New, aggressive gnat species feasting on Minnesotans this spring

A new, aggressive species of gnats has been feasting on Minnesotans this spring and pest control experts say there's nothing they can do about it for now.

A new species of gnats is really bugging people in certain pockets of the Twin Cities area this spring.

The aggressive biters have free reign right now because the Metropolitan Mosquito Control District doesn’t have a permit from the DNR to treat this particular species yet.

While Minnesotans are used to being feasted on by gnats, this spring is different.

“Certainly seems to be more aggressive than we’re used to with the gnats,” said John Walz, with the Metropolitan Mosquito Control District.

He says this new gnat species is emerging in at least a couple of confirmed areas, including the Minnehaha Creek and Hastings.

“We feel bad, but we can’t really do much about the ones flying now,” Walz said.

That’s because once the adult gnats are flying, it’s too late.

Currently, MMCD is conducting surveillance on rivers and streams to find out where in the seven-county district the gnats are laying eggs. It’s still too early, however, for experts to know where this particular species came from and whether it’s a one generation pets, meaning the biting will subside in two to three weeks.

That’s the hope at least.

“They tend to hang high in trees and they look for something down below blobby to come down and attack and feed on so they can lay their eggs,” Walz said.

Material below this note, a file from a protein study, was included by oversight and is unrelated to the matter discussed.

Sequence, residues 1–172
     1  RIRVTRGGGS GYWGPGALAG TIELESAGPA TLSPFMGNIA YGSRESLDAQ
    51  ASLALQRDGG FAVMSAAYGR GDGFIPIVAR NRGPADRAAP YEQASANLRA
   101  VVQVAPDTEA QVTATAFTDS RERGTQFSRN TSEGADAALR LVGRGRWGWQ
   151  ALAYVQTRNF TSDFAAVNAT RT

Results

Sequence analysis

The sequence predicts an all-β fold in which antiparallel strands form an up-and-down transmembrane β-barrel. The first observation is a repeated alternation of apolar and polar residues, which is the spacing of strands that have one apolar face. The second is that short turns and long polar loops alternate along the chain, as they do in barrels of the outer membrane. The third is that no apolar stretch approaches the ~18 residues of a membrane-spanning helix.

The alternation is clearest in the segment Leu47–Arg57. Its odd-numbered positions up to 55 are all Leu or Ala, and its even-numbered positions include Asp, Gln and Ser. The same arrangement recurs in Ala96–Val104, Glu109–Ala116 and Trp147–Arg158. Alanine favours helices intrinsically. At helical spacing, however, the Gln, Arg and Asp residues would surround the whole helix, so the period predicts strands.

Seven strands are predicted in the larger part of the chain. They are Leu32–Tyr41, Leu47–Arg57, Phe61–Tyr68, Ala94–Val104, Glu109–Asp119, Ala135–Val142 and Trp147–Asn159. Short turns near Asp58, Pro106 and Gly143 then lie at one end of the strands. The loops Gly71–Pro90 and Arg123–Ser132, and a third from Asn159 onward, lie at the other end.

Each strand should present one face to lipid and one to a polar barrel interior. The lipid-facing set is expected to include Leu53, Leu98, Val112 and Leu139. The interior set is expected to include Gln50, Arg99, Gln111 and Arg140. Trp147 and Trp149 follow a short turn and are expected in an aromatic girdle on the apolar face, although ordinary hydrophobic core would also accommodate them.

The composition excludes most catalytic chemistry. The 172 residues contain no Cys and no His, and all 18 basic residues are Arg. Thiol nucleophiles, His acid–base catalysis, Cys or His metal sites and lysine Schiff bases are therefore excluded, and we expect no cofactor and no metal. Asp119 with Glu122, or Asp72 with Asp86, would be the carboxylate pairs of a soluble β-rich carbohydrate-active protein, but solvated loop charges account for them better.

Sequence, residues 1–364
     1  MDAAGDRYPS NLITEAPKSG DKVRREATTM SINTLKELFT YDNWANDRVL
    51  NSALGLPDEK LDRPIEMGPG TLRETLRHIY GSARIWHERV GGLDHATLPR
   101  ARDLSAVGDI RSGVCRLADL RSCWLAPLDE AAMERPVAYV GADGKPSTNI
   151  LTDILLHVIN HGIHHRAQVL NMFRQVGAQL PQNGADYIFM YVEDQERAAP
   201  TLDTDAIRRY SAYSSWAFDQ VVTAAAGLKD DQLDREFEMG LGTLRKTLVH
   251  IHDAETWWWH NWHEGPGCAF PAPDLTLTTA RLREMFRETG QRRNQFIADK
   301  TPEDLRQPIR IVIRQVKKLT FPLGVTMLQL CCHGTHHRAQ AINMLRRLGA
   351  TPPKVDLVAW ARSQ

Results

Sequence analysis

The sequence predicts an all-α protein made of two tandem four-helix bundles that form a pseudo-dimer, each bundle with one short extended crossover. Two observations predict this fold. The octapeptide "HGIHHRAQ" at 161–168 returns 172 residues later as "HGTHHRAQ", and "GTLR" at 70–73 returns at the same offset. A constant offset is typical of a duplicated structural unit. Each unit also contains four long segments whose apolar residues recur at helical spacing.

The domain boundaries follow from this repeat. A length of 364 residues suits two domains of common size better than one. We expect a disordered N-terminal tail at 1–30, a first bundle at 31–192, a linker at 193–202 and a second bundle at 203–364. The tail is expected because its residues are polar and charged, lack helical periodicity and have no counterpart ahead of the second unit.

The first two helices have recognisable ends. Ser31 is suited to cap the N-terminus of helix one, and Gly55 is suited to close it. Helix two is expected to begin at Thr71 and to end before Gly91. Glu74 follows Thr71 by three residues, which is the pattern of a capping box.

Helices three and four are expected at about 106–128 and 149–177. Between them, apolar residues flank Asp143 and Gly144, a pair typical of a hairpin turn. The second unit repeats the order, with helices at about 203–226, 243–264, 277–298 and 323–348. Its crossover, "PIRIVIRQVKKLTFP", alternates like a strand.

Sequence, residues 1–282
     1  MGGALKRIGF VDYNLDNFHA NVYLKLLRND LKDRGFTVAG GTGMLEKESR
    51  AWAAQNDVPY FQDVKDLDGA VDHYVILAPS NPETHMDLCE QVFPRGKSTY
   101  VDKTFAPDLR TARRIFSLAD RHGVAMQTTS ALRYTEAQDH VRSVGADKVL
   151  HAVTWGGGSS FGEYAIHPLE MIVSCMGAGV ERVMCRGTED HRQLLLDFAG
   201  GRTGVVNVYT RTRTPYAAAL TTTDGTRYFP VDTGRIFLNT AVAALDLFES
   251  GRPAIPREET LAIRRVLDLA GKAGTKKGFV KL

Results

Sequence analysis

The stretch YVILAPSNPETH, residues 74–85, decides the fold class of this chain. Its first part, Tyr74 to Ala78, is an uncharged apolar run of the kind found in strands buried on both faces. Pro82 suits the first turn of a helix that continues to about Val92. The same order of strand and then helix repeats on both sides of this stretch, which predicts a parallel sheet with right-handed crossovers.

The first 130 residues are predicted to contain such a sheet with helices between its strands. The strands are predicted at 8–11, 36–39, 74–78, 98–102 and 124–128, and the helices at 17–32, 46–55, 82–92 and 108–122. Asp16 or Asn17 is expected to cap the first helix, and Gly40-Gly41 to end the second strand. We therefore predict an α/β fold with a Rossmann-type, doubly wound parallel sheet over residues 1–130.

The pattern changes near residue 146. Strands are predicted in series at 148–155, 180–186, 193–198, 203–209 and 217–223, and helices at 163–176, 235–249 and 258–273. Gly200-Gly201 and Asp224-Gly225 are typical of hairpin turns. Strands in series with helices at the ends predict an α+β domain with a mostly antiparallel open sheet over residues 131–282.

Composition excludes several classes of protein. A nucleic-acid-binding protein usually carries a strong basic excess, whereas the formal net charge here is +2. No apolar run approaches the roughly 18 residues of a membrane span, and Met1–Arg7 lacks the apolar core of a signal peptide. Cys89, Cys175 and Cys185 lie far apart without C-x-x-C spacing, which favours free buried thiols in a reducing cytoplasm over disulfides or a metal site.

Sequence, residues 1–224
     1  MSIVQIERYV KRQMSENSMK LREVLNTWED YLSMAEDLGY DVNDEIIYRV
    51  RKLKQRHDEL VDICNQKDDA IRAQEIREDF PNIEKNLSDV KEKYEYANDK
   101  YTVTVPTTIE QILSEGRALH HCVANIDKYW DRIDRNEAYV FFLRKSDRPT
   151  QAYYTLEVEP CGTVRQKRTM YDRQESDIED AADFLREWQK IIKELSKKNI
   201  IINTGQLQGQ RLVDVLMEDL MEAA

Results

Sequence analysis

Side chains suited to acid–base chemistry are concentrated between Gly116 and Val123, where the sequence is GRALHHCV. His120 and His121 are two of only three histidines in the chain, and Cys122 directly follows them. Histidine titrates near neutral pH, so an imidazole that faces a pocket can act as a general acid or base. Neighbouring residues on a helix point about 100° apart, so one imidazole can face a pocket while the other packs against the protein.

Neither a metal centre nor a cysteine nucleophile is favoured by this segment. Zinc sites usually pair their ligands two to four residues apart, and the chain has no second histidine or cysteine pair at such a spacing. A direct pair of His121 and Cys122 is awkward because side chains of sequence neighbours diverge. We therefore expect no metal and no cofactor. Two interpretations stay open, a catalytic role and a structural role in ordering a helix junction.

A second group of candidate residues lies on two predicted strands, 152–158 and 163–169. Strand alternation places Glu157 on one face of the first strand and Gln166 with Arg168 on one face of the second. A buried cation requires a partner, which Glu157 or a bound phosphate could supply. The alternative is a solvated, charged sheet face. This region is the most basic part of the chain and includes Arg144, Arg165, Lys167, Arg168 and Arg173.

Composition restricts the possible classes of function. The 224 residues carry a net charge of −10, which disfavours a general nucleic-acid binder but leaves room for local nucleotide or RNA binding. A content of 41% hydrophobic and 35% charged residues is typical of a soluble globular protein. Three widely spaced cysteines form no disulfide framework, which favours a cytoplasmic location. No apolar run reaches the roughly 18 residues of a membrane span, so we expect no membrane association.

The species is so new that the current permits don’t cover treating them yet until more is learned, which is likely next spring.

“We think it’s taking over another species we do treat for,” Walz said. “It’s taking up the space in the river from them for whatever reason. We don’t have all the answers.”

So as the itching continues and more people are home during the daytime when these buggers are out, Walz says he understands the annoyance.

“There’s no risk of disease being transferred via gnats,” Walz said. “Kids, if they get bitten enough, they can get a fever.”

MMCD experts point out unfortunately, most DEET doesn’t work on any of the approximately two dozen or so species of gnats out there, with the exception of the extra strength stuff you should only apply to clothes.

The best defense is wearing light-colored clothes and staying away from scents in your shampoo, conditions and body lotion. For whatever reason, the gnats are attracted to some body and chemical makeups and not others.